By Eliaser Ndeyanale
A group of striking Windhoek taxi drivers Tuesday resorted to criminality when they pulled a foreign taxi driver from his car, robbed him of money and punctured his tyres.
When Confidente arrived at Donkerhoek in Katutura were the taxi drivers are striking, a Zimbabwean taxi driver was being pulled out of his vehicle- a grey Nissan March- by more than 10 local drivers who took money from him, punctured his tyres while asking for his taxi permit and driving licence.
The strike is targeted among other issues aprohibiting foreigners from doing manual work.
Asked if taxi drivers were practising xenophobia, president of the Namibia Transport and Taxi Union Werner Januarie denied claims that Namibian taxi drivers were xenophobic.
He said local taxi drivers were abiding by the law of the country that forbids foreigners from doing ‘manual labour’ in Namibia.
”We are not xenophobic. We do not believe that to make someone obey the law of the country justifies the label of xenophobia. Recently the President (Hage Geingob) signed a law that prohibits foreigners from practicing manual labour be it hairdressing or pushing wheelbarrows. If you or anyone think that we are xenophobic then it’s the Government that is xenophobic for crafting such laws,” said Januarie.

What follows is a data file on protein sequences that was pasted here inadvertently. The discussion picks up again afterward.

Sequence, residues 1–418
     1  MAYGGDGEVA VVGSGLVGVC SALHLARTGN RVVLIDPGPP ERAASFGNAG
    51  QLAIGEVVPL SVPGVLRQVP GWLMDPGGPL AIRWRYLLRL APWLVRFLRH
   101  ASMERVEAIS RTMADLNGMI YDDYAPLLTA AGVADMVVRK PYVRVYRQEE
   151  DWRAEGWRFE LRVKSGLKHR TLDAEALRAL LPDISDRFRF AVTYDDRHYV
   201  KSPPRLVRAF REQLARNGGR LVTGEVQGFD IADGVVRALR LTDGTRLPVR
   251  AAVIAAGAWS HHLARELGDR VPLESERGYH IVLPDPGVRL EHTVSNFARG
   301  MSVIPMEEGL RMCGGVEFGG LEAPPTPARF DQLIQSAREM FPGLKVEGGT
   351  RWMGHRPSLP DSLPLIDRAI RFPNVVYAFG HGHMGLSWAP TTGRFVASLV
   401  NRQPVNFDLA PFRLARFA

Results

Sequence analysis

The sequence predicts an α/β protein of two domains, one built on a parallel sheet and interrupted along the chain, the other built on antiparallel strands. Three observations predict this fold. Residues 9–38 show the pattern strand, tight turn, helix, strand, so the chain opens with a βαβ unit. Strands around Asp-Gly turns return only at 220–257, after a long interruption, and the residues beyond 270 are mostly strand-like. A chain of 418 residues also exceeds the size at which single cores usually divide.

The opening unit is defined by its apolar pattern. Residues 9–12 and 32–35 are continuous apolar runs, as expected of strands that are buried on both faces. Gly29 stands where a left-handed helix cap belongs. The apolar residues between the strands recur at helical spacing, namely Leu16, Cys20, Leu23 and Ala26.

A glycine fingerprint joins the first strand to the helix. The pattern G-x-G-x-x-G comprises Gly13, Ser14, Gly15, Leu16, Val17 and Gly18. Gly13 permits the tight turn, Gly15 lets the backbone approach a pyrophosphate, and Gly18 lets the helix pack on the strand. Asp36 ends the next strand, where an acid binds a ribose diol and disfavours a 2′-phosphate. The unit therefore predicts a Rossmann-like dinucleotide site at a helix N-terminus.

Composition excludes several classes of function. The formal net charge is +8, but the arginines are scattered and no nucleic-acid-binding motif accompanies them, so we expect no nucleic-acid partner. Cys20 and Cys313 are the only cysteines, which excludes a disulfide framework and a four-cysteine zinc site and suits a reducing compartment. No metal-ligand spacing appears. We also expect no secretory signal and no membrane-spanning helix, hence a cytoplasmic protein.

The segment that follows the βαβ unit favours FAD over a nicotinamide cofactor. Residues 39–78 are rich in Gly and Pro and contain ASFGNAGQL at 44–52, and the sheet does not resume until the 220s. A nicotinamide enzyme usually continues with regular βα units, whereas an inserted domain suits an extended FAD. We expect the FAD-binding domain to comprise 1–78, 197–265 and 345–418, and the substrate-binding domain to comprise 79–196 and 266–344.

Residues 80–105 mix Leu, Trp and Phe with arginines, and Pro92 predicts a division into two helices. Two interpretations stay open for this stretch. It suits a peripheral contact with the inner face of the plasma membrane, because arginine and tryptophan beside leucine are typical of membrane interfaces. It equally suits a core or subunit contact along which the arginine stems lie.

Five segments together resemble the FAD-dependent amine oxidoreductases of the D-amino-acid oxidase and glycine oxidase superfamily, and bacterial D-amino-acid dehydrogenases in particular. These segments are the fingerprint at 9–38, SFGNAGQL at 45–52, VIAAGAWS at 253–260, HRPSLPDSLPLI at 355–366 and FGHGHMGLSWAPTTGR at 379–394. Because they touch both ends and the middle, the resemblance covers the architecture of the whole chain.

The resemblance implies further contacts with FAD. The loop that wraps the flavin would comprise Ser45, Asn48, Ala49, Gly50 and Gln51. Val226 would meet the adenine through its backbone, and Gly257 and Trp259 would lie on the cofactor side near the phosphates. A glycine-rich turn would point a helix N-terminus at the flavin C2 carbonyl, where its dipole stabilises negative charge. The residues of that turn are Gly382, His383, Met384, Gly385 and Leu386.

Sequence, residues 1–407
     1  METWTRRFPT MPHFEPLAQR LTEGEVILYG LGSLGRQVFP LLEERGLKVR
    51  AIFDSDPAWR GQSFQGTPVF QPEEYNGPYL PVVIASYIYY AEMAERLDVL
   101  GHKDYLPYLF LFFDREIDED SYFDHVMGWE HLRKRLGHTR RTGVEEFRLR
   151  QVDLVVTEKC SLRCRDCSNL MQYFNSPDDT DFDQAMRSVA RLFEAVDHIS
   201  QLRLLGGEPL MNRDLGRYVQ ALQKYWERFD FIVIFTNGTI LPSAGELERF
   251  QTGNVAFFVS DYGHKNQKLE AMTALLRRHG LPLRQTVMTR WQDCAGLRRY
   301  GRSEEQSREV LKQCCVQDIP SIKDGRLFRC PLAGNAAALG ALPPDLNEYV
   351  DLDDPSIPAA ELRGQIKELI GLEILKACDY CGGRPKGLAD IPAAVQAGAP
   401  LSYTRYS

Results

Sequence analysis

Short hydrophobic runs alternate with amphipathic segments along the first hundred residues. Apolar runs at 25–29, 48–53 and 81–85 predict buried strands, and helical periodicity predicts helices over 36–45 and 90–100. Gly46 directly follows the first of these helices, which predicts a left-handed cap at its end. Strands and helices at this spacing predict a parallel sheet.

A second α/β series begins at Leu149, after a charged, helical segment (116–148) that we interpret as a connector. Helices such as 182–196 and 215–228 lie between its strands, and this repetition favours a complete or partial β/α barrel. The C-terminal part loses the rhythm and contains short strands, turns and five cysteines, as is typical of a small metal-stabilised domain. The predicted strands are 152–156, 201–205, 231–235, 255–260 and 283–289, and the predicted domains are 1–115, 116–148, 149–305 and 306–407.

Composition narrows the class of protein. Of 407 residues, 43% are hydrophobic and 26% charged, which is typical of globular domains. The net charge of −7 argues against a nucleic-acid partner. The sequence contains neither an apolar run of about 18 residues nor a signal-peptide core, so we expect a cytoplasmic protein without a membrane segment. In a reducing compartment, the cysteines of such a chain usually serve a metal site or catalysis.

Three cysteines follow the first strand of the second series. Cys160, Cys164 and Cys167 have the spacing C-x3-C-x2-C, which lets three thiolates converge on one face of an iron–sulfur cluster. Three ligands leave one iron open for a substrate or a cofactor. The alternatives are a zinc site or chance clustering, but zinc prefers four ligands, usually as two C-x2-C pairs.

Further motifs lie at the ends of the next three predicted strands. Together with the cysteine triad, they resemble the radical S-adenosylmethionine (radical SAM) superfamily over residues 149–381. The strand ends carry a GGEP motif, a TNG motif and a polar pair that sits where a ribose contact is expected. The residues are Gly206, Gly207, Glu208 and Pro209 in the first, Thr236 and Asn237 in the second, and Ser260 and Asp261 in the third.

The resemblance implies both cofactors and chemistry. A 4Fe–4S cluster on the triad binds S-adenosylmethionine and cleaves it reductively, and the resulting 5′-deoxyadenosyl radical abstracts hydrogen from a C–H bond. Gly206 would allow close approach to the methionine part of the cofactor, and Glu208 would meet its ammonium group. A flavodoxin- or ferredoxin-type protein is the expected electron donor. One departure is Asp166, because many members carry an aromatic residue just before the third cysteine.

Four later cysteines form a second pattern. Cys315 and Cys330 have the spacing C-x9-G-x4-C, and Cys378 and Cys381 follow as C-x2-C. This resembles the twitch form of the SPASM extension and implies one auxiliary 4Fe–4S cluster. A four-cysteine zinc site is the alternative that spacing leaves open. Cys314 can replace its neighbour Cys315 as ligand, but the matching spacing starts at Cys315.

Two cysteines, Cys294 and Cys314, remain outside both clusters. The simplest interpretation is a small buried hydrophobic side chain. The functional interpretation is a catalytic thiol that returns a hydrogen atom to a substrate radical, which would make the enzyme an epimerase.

He also said that in a meeting with the Deputy Minister of Works James Sankwasa on Tuesday morning, Government asked for more time to address the issue.
Other taxi drivers who spoke to Confidente raised concern with foreigners driving taxis, which they claim, was against the law.
”There are Zimbabweans who are driving taxis and they don’t have permits to do so. We don’t want that. Some of those people don’t even use local banks … they bank in their own country,” said a disgruntled local driver, adding that foreigners were making business difficult for them.
A female taxi driver who was also part of the strike said she did not have a problem with foreign taxi drivers; all she wants is for the reduction of traffic fines.
”You are being issued a N$2 000 traffic fine (sic) … where do police officers think we get money from? Traffic fines must be reduced,” she complained.
She also complained about lack of taxi ranks in Windhoek. She said many of them are fined thousands of dollars for illegally picking up customers in the streets, and they want Government to commit to the development of new taxi ranks as soon as possible.
Taxi drivers have staged several strikes in previous years to express dissatisfaction over traffic fines.
A senior police officer who was also present at the strike urged taxi drivers who were rather disruptive, not to be violent but to conduct a peaceful demonstration. The police officer said should the taxi drivers continue with their unruly behaviour, the law would take its course.
“Mr Januarie I don’t want your members to instigate anyone. I don’t want to see anyone infringing on anybody’s rights. If we find you infringing on anybody’s rights we will come in. This is not a threat but we will come (sic),” he cautioned.
Confidente. Lifting the Lid. Copyright © 2015